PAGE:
After a marathon session between the PGA of America’s top executives and the top American players on the PGA tour, the parties concluded that the inmates will now take over the asylum.
In what can best be described as desperation, the Americans are scrambling to find a remedy for two decades of constant failure at the Ryder Cup. The solution, for now, seems to be giving the players–notably Tiger Woods and Phil Mickelson–more say in choosing the team and who will be their captain in 2016 at Hazeltine.
In the aftermath of another American loss at Gleneagles in September, Mickelson initiated a mini-insurgency in a post tournament presser. Captain Tom Watson’s leadership and failed strategy became the focal point of Phil’s ire. The airing out by Mickelson prompted the PGA brass to take notice and do more listening than talking this week.
“I was extremely pleased with [PGA of America CEO] Pete Bevacqua and [President] Derek Sprague,” said 2006 U.S. captain Tom Lehman about the four-plus-hour meeting at PGA of America headquarters in Palm Beach Gardens, Florida. “They very much took a back seat in that meeting to let the players and the former captains have their way with the agenda. I give them high marks for putting their actions where there words are.”
Davis Love III, 2012 Ryder Cup captain, commented that, “Tiger took charge. Raymond [Floyd] took charge, Phil took charge. We have guys who are very confident, very smart and sure of themselves. Somebody is going to step up and be the leader of this thing and that’s what we need.”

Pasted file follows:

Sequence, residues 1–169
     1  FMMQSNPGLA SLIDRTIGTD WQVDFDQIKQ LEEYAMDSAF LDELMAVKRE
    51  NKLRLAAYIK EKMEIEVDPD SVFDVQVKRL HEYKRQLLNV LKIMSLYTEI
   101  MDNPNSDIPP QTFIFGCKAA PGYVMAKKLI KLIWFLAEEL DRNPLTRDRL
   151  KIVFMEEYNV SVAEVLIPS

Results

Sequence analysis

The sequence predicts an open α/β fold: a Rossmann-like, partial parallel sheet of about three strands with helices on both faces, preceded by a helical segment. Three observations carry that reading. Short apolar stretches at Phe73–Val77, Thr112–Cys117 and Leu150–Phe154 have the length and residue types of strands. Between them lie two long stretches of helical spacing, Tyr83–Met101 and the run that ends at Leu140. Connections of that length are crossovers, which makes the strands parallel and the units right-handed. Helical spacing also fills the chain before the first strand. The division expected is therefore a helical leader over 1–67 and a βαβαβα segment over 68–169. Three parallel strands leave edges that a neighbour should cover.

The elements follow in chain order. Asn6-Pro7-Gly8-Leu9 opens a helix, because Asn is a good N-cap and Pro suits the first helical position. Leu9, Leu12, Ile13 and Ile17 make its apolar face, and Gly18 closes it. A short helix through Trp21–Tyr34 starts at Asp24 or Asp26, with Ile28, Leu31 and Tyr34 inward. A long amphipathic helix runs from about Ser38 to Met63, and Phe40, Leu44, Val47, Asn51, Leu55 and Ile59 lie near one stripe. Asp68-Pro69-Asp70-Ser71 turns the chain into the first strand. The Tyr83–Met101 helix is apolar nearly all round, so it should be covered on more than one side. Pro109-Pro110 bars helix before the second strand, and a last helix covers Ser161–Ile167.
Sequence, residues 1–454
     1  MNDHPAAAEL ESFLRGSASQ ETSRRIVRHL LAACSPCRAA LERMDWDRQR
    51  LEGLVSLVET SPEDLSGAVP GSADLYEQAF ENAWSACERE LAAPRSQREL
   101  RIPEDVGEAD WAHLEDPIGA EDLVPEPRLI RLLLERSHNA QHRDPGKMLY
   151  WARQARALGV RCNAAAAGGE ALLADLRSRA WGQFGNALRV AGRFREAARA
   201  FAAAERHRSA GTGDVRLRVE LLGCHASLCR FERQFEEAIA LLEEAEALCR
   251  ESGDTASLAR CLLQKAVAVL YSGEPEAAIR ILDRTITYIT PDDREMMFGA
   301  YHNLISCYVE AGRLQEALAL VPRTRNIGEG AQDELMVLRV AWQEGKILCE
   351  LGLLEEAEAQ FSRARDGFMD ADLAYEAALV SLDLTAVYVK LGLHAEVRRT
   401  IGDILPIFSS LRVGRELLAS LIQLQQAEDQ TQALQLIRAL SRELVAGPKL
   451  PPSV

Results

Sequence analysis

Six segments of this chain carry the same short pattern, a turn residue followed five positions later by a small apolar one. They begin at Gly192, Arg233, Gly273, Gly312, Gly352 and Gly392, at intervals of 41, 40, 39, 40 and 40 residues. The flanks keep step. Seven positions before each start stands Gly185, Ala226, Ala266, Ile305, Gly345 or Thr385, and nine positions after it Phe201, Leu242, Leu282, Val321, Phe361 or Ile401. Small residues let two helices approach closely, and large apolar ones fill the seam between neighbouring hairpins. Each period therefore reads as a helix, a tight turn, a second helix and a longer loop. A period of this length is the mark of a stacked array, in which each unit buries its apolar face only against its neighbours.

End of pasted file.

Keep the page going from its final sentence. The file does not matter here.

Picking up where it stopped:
Love added that everyone was very enthusiastic in the meeting: “I can tell you that Tiger, Furyk, and Stricker have been blowing my phone up since the meeting. It’s not like we had a meeting and said we’ll see you again in February.”
Golf Channel reported that the task force commissioned to get the Cup back consists of Sprague, Bevacqua, vice president Paul Levy, Raymond Floyd, Lehman, Davis Love III, Rickie Fowler, Jim Furyk, Phil Mickelson, Steve Stricker, and Tiger Woods.
“We discussed a wide array of issues including the selection process for captains and vice captains and more,” Sprague said. “Today was the beginning of a process that is designed to create the conditions for long term Ryder Cup success.”
The 1983 US Open champion and winner of two PGA Championships, Larry Nelson, voiced surprise that the players are being brought into the decision-making process for the Ryder Cup. “I’m surprised players are actually picking the captain.”
Nelson who dominated three separate Ryder Cup championships with a 9-3-1 record was not asked to join the task force. “Players are players,” he told Golf Channel. “There captain needs to be someone who doesn’t answer to anybody else.”